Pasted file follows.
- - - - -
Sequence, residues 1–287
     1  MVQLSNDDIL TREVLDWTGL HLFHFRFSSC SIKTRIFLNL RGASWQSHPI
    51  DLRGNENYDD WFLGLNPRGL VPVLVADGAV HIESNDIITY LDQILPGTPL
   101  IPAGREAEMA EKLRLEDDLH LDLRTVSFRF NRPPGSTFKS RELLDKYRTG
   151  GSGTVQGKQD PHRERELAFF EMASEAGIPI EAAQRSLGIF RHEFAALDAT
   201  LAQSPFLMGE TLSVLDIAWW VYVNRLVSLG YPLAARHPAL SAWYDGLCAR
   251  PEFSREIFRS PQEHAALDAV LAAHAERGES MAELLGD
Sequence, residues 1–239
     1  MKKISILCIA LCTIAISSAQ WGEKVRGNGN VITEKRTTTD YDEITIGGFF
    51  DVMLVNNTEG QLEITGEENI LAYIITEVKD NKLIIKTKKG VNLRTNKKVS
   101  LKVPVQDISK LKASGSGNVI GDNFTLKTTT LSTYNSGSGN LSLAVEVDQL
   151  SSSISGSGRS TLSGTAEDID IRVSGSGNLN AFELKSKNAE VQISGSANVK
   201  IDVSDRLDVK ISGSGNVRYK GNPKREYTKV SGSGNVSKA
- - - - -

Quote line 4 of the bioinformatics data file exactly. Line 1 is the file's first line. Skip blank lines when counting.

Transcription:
   101  IPAGREAEMA EKLRLEDDLH LDLRTVSFRF NRPPGSTFKS RELLDKYRTG